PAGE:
How sheet music works

While sheet music can look complicated at first sight, it's easier than you think. Sheet music is pattern-based, and you can learn enough to begin reading melodies in just a few minutes.

I will only be explaining the basics here as there is a considerable amount of articles, videos, teaching software, mobile apps and other resources about how to read sheet music and a simple search 'reading sheet music' will give you a lot of results.

In the beginning you don't need to be able to sight read fluently to make use of sheet music. Due to the massive volume of music available in the format there is a good chance you can find what you want to play. Consequently there is a lot of value in simply being able to 'decode' the letters of the notes. Even doing this you're still practicing the notes on the staff. After you do so for a while you begin to know a notes letter at sight.

The basic principles

If you had to design a way of notating music graphically, how would you approach it? What you may come up with is something like a graph, where vertical position represents pitch, and horizontal position represents time:

== need a graphic here

But from this alone, you may find that it is unclear which note represents which pitch. So then you may add some lines, and assign each line to a different note:

== need a graphic here

This is essentially how sheet music works. Different vertical positions represent different notes on your instrument. Both the lines and the spaces between them are also used, as it makes the notation more compact.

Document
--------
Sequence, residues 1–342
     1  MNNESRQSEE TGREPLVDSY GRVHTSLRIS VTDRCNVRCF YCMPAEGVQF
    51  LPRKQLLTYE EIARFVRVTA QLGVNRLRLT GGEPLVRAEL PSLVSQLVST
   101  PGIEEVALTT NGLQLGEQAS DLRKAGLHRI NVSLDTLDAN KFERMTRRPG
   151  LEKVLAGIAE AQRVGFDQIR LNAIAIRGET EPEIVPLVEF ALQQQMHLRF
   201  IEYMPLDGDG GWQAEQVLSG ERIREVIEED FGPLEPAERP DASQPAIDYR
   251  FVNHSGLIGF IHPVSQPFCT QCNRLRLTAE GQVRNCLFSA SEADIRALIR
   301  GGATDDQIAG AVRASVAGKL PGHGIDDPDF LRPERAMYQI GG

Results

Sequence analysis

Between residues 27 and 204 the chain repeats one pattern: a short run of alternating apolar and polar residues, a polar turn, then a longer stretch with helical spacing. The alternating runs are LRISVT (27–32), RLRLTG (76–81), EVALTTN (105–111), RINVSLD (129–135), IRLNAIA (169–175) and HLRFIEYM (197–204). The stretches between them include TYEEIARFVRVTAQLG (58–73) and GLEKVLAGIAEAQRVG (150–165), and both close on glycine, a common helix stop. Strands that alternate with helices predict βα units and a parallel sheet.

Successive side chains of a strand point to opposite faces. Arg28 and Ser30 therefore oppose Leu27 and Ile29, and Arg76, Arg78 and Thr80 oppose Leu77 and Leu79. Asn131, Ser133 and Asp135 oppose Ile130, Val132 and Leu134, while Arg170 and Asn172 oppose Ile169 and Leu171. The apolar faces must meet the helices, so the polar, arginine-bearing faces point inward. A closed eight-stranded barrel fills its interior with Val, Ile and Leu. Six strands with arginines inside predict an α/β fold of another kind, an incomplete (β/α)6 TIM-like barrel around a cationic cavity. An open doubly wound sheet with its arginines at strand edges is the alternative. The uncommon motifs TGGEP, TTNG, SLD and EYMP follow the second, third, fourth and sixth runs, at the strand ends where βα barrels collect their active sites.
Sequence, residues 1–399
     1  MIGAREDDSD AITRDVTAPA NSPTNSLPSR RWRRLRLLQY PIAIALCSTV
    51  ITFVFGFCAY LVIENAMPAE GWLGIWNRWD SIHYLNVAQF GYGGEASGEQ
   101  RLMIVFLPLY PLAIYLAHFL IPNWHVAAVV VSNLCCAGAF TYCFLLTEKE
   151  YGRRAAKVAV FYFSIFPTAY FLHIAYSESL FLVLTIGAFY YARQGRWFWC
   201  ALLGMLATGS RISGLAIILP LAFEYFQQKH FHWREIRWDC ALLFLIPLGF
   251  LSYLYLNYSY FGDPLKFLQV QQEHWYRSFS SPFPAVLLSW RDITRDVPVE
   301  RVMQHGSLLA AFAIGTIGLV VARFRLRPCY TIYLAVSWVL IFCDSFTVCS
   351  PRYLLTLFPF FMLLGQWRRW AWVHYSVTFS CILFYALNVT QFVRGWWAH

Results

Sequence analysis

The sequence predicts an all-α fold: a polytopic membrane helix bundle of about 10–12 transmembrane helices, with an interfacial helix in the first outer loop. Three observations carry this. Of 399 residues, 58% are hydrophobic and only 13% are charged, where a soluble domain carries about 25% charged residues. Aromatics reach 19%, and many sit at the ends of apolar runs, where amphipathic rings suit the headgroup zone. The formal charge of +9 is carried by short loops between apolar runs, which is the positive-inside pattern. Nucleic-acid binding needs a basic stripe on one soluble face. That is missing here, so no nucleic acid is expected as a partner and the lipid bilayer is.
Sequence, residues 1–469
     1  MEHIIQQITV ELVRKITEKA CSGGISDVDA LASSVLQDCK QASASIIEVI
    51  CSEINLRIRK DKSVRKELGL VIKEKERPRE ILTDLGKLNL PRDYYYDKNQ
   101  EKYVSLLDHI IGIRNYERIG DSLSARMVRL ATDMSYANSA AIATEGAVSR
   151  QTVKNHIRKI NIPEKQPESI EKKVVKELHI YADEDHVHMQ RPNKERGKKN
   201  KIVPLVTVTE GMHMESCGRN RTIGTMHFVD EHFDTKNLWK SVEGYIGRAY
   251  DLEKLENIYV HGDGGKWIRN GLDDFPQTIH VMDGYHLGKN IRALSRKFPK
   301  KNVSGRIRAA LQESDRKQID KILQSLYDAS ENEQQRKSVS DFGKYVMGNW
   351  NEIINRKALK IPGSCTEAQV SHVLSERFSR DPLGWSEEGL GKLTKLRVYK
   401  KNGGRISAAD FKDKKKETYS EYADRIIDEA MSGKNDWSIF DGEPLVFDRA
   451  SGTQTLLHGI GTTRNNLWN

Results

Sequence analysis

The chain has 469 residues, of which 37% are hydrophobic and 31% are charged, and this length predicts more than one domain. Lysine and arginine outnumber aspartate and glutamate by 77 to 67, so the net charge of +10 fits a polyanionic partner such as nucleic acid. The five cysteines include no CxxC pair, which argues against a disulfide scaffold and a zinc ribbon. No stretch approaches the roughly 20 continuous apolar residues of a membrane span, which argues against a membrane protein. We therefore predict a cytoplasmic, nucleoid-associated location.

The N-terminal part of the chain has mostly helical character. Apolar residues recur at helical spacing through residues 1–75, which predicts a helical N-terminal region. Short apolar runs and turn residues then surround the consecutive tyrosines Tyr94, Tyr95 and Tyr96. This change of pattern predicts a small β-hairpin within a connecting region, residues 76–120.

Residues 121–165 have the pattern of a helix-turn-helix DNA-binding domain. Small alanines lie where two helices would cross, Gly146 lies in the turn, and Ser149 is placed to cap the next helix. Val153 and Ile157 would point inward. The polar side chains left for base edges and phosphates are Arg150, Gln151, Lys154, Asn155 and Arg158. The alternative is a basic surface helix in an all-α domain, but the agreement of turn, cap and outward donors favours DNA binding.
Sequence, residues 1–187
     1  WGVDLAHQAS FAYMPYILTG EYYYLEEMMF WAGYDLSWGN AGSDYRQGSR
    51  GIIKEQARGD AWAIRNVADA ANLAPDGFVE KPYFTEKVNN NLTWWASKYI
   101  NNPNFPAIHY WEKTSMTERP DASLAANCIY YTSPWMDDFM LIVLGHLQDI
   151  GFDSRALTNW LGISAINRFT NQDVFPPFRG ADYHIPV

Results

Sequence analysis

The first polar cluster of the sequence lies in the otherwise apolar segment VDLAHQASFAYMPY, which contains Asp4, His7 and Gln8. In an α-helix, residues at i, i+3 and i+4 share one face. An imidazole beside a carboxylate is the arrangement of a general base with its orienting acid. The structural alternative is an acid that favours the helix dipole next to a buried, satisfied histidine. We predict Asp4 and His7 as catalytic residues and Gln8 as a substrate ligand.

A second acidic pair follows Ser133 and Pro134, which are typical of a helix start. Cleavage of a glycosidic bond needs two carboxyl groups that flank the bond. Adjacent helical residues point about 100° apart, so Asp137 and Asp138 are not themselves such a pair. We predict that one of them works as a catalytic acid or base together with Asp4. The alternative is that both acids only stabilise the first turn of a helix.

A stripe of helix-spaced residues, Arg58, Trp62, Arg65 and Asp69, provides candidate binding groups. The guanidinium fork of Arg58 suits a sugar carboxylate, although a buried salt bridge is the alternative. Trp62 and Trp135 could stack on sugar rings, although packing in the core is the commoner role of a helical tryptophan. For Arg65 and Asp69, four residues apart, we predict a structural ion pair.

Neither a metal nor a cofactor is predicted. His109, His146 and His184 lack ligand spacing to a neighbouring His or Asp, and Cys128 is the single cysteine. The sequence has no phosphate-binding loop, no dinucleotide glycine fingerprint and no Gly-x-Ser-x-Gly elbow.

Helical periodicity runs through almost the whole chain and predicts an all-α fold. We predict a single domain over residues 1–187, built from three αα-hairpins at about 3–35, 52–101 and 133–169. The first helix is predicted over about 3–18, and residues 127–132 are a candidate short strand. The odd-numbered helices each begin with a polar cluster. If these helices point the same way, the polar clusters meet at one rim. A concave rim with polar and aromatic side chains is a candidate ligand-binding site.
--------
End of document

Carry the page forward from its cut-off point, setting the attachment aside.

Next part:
X: 3
M: none
L: 1/1
K: C
"C" C "D" D "E" E "F" F "G" G "A" A "B" B "C" c "D" d|

Now, you may have a mental image of a 'note' from common culture, something like one of the following:


X: 3
M: none
L: 1/8
K: C
G GG G2

These symbols are often used culturally to visually represent the concept of music. The above simple circle may be confusing.

What is going on here is that notes have multiple parts:

  • Head. A note's head circles a line, and its position on the staff tells you which note to play on your instrument.
  • Stem and flags. The stem and flags are features added to the circle to represent notes of different time durations.

Here are a selection of different notes:

Music notes with the stems and flags highlighted. Grey circles with red lines extending upwards, which is called the stem

As you can see all notes have a head, but they don't all have a stem.

  • Regardless of the shape of the stem, or lack thereof, the line or space which the head 'circles' determines the note that we should play.
  • The overall shape of the note determines how long the note should be played.

Despite having different shapes, all of the following represent the same note:

Music notes placed on a treble clef staff on the G line, with the heads highlighted in red

Staff values

Sheet music represents notes using the staff, a set of 5 lines and 4 spaces. The lines are numbered from bottom to top, line 1 at the bottom and 5 at the top.